No, Alf didn’t meet the tree-hugger – and let the record show no other Nats met him, either

No, Alf was not one of the MPs from across the House who are the subject of a media statement from one Michael Tavares.

This Tavares bloke is the tree-hugger who spent four days up a kauri in Titirangi last month.

Just before we hard-working Parliamentarians took off from the capital for our Easter break, he was bragging about a successful lobbying visit to the capital in this press statement.

The headline proclaims the nature of his success:

MPs pledge to meet threatened trees

Not all MPs. Just a few.

Tavares went on to say:

MPs from across the House met today on Parliament’s forecourt to acknowledge the recent outcry against a consent granted to fell an ancient kauri, and to pledge to meet other similarly affected communities.

He was a bit misleading in saying he met MPs from across the House, because Alf can’t find anyone from National or Act on his list.

Or NZ First or United Future.

He says he was joined

…by Maori Party co-leader Marama Fox, Labour MP and Member for New Lynn David Cunliffe, Green Party co-Leader Metiria Turei, Green Party Conservation spokesperson Eugenie Sage, Green Party MP Catherine Delahunty, and Green Party RMA spokesperson Julie Anne Genter. The MPs have all pledged to take time over their upcoming 3 week recess to meet communities across New Zealand who are trying to protect trees consented for felling.

It is very understandable there are no Nats on the list.

We have lots of other things to do during the recess.

Tavares, on the other hand, has a very narrow focus on keeping certain trees from being turned into timber or firewood.

“As soon as I got down from the Kauri I started hearing the same story from locals all over the country, that their trees are at risk too, and that they aren’t being listened to.” said Mr Tavares.

“I’ve been approached by people from all over Aotearoa, asking for help to save precious trees that have had resource consent for their execution granted.

“I can’t sit in every tree, this was always a bigger issue than one kauri in Titirangi. The RMA is now so weak that it is failing to give our Taonga the protection we want and expect.”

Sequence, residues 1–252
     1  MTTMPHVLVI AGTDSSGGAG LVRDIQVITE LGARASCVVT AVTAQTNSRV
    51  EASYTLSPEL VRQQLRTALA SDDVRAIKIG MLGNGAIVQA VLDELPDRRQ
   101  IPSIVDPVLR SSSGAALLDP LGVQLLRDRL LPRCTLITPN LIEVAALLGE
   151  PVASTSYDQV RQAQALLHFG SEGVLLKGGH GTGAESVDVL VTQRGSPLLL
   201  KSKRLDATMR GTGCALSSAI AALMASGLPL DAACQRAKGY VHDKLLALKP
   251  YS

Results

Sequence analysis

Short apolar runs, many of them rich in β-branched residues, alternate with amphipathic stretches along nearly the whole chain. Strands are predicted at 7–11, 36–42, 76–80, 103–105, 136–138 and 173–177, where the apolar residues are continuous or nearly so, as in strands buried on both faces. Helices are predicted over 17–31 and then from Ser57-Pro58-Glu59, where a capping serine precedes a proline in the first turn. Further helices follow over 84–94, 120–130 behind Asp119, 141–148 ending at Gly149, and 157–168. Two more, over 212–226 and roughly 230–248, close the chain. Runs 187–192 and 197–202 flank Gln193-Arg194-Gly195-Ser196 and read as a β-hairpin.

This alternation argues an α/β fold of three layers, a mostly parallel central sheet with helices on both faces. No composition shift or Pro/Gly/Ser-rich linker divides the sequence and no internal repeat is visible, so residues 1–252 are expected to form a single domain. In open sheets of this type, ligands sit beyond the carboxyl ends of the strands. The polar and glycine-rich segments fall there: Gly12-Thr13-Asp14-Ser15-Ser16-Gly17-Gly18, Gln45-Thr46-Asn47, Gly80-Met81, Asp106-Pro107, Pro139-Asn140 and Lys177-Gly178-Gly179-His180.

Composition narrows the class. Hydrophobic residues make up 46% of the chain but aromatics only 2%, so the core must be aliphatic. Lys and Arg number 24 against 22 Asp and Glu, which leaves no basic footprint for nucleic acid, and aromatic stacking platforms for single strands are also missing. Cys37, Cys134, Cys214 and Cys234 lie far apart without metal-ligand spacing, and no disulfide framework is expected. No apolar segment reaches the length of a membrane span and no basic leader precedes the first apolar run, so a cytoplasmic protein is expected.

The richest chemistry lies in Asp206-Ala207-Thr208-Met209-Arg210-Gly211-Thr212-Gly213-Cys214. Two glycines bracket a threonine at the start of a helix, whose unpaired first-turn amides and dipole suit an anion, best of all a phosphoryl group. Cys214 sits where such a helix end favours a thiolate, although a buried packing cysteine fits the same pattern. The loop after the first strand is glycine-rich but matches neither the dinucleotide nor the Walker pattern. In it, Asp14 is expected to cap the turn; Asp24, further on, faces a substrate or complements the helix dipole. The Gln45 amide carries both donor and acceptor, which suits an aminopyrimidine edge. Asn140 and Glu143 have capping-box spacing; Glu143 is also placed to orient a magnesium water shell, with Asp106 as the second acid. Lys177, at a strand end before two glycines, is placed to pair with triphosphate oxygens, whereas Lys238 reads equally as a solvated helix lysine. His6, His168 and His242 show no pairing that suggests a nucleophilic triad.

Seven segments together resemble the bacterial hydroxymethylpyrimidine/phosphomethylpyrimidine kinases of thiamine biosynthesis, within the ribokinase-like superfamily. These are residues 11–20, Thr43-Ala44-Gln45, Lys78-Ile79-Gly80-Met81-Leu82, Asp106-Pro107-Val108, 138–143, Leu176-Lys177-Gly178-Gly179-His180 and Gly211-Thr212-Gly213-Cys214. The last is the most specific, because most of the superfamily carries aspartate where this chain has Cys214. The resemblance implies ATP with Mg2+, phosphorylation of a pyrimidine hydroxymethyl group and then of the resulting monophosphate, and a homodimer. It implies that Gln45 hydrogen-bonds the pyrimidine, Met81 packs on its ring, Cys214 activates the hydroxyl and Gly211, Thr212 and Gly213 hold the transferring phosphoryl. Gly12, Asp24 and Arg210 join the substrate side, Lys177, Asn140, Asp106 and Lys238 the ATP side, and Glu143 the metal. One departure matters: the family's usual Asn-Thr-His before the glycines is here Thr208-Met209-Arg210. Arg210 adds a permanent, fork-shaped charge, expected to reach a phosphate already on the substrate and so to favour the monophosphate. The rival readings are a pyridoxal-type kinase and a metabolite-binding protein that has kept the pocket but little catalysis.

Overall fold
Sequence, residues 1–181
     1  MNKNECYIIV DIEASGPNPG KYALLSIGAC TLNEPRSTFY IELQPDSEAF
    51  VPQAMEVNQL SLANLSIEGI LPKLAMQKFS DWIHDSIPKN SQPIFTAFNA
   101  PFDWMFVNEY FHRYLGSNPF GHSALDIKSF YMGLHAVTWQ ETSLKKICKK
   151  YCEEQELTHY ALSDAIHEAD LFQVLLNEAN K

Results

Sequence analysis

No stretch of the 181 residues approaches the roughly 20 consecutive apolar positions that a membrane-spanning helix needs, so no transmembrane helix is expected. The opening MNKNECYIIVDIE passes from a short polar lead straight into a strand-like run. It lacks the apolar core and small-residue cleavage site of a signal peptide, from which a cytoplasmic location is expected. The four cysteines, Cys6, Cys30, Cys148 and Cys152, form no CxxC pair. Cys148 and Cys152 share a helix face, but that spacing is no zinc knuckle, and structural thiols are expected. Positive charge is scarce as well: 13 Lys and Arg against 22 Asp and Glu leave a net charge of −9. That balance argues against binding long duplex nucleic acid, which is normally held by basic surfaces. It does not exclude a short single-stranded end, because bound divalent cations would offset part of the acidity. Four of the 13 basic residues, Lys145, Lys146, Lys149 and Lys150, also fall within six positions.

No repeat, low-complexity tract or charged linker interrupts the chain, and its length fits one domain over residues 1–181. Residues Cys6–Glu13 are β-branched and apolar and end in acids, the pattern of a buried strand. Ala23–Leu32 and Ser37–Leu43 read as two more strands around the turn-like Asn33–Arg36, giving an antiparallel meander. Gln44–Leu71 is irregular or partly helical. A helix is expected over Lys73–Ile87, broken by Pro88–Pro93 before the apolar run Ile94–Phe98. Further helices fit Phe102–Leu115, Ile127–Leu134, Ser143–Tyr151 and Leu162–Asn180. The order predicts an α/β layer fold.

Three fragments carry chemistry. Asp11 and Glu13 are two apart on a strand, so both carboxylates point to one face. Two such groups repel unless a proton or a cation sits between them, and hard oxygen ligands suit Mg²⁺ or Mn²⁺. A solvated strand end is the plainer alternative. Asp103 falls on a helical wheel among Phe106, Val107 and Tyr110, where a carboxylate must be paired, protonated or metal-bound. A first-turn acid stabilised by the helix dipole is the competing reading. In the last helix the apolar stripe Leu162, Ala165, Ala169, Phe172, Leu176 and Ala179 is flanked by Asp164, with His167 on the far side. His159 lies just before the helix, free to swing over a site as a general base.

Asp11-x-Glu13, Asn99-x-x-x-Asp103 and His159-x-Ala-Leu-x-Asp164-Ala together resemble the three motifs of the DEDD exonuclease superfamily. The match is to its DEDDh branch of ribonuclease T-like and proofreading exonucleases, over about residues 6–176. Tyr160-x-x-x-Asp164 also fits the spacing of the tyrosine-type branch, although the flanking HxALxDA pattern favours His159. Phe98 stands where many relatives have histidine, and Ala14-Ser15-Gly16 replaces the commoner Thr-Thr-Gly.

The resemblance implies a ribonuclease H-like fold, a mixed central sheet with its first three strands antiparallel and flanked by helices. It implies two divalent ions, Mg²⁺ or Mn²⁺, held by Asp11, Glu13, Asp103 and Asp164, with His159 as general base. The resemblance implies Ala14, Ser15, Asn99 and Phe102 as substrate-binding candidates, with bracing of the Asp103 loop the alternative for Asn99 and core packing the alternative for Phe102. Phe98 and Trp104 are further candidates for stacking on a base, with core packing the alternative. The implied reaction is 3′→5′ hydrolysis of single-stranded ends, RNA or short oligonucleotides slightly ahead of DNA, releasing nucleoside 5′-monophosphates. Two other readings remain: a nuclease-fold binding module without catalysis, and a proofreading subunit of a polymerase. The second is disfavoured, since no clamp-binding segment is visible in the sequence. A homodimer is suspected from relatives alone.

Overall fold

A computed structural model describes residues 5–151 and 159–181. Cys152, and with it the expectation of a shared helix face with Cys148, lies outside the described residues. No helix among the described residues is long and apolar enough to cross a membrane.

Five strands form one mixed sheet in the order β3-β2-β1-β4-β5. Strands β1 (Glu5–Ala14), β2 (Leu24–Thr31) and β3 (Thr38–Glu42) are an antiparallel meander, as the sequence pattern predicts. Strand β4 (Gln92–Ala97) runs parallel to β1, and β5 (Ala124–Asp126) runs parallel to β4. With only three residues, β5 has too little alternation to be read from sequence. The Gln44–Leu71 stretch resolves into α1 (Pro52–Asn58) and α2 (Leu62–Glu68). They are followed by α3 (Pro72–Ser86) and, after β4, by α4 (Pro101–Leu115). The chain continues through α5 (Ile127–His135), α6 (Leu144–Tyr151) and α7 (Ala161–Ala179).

It seems the MPs who turned up to meet him were presented with a list of threatened trees from across the country and have committed to visit a tree and to meet the locals trying to save it, and to understand the nationwide impacts of a weakened RMA.

Oh – and Tavares has included some quotes from these MPs in his statement:

“Something is very wrong when communities across the country are being ignored in their efforts to protect their local trees.” said Mr Cunliffe.

“Clearly the Government has got it wrong. Communities across New Zealand are being told they can’t protect the trees they love – that’s not right.” said Green Party Environment spokesperson Julie Anne Genter.

“The Greens believe in a strong RMA that would give these trees the protection they deserve. Trees make our cities and towns healthier and pleasanter places to live,” said Green Party Conservation spokesperson Eugenie Sage.

“Kaitiakitanga and environmental protections should not be sacrificed for supposed economic benefit. These communities deserve to be heard, and the rules should provide the protection and security that they expect for this and subsequent generations”, said Ms Fox.

He has given himself the final say:

“I hope that by connecting MPs to the people at the frontline of these flawed rules, we can stop any further attacks on the RMA, and restore the original intent of the Act.” said Mr Tavares.

“New Zealanders have made it very clear – our trees are worth protecting. Hopefully soon that’s a reality for all these groups.”

Alf is by no means opposed to the sparing of kauri.

But there are one or two other items on his list of priorities to which he is giving a greater commitment for now.

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